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P107 Interferon-induced metabolic perturbations shape the inflammatory status of human monocytes: implications for innovative therapeutic engineering in SLE autoimmunity
  1. Chrysoula Stathopoulou1,2,
  2. Vasilis Ntassis3,
  3. Aggelos Banos4,
  4. Katerina Gkirtzimanaki2,
  5. Antonis Myridakis6,
  6. Christina Adamichou5,
  7. Prodromos Sidiropoulos1,2,5 and
  8. George Bertsias1,2,5
  1. 1Rheumatology, Autoimmunity and Inflammation Laboratory, Medical School, University of Crete, Heraklion
  2. 2Institute of Molecular Biology and Biotechnology, Foundation for Research and Technology Hellas, Heraklion
  3. 3Dept. of Biology, University of Crete, Heraklion
  4. 4Biomedical Research Foundation, Academy of Athens, Athens
  5. 5Rheumatology Dept., University General Hospital, Heraklion, Greece
  6. 6Dept. of Surgery and Cancer, Imperial College of London, St. Mary’s Hospital, London, UK


Immune cells have unique metabolic requirements to support the energetic and biosynthetic burden during their activation. Delineation of the metabolic tuning of immune cells could lead to novel strategies in treating metabolically-demanding processes including autoimmune diseases. Among innate effectors, monocytes have a distinct role in systemic lupus erythematosus (SLE) pathogenesis. We have previously described robust type-I interferon (IFNα) signaling in patients with SLE. IFNα-stimulated monocytes from healthy individuals (IFN-Mo) develop mitochondrial hyperpolarization and increased oxidative stress resembling SLE monocytes (SLE-Mo).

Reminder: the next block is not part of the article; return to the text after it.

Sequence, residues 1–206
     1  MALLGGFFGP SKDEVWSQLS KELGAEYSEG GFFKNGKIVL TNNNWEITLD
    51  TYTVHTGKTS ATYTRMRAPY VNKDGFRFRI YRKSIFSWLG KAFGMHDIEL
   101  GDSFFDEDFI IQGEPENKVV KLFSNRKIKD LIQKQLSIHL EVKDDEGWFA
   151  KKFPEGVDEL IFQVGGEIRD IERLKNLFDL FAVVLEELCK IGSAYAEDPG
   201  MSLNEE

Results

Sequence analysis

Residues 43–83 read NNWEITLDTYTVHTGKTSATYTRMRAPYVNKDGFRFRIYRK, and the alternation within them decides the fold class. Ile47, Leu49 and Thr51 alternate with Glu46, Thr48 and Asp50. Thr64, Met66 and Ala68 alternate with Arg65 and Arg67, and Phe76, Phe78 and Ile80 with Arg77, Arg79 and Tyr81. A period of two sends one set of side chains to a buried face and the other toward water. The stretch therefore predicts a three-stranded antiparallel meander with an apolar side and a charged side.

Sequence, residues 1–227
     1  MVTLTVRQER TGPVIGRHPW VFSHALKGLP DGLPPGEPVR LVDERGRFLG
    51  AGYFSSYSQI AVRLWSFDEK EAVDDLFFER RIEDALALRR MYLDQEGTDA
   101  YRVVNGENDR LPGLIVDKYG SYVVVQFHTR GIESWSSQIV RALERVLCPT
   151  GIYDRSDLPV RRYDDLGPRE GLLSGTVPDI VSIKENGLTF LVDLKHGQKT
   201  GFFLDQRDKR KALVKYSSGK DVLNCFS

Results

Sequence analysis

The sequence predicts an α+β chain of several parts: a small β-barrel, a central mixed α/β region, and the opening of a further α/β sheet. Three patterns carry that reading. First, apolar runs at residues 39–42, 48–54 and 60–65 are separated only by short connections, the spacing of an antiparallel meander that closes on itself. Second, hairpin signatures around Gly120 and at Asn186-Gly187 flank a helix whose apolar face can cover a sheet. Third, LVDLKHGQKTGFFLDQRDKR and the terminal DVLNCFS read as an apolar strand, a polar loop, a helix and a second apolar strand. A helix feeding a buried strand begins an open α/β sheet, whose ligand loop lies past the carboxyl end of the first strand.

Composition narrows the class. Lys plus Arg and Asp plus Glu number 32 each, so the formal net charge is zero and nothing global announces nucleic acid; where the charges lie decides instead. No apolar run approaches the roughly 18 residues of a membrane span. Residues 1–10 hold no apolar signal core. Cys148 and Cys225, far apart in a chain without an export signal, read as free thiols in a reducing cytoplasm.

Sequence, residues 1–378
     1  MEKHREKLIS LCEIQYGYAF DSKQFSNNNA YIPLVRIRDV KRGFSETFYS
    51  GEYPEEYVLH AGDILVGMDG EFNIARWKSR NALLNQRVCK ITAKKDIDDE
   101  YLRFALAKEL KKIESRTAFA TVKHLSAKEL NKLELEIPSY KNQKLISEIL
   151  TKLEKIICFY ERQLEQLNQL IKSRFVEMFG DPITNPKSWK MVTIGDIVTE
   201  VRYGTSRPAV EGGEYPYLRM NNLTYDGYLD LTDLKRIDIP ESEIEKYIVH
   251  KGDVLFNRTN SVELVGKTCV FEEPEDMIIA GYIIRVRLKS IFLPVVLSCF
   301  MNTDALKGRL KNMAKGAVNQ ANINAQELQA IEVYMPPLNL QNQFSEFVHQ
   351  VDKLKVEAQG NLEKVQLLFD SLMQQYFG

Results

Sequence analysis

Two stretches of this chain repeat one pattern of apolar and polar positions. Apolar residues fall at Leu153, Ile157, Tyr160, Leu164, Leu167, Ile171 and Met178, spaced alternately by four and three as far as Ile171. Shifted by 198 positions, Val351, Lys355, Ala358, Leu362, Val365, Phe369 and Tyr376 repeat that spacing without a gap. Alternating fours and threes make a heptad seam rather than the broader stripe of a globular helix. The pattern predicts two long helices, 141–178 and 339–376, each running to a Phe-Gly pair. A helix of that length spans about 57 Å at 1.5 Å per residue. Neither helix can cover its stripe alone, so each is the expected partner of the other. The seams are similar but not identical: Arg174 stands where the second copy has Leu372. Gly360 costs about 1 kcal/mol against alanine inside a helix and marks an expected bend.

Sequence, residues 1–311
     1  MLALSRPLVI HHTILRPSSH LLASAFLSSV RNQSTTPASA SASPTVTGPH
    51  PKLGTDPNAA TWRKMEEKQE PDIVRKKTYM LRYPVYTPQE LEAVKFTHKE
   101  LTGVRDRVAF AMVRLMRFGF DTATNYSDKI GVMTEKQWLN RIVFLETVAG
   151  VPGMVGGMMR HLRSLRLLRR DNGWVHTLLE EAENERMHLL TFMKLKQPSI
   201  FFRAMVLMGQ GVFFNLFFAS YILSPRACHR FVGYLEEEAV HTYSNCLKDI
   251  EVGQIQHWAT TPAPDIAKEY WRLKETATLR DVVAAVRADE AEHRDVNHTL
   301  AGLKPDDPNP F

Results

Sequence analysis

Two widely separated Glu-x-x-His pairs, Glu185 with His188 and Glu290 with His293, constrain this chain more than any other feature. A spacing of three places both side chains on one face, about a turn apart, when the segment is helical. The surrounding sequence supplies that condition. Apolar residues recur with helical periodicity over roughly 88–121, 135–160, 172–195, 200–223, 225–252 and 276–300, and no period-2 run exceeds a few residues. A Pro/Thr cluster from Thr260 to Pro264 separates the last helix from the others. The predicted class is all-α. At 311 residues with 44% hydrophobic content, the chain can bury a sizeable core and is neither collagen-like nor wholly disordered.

Here we sought to delineate the metabolic repercussion of IFNα-mediated signaling that could explain metabolic shifts pertaining to autoimmunity. To this end, we combined transcriptomic data with metabolic flux analysis (Seahorse technology) and Gas Chromatography (GC-MS) in healthy monocytes, IFN-Mo and SLE-Mo. Our preliminary results indicate an increased, glucose-dose dependent glycolytic flux in IFNα-treated healthy monocytes recapitulating the SLE-Mo phenotype. Blockade of hexokinase 2 (HK-2)-dependent glycolysis with the use of 2-DG inhibitor attenuated proinflammatory cytokine secretion and the expression of surface markers characteristic of activated monocytes, supporting the deregulated metabolic profile in SLE autoimmunity.

Combination of these data with targeted metabolomics (LC-MS) analyses and the application of pathway-specific inhibitors are implemented in vitro to reverse the inflammatory state of SLE monocytes. Together, our data are expected to yield unique insights into the role of immunometabolism in SLE and the potential use of metabolites as novel therapeutic targets in autoimmunity.

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